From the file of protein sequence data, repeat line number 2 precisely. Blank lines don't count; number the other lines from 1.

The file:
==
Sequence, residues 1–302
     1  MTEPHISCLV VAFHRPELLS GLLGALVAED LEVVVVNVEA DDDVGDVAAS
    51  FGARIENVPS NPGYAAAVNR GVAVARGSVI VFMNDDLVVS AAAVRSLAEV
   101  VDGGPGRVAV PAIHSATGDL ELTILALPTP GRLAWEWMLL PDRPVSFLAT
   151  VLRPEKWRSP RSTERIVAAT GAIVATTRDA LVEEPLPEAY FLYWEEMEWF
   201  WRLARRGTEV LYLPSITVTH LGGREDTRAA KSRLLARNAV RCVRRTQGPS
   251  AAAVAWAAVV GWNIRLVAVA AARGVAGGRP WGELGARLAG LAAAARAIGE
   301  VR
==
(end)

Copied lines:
     1  MTEPHISCLV VAFHRPELLS GLLGALVAED LEVVVVNVEA DDDVGDVAAS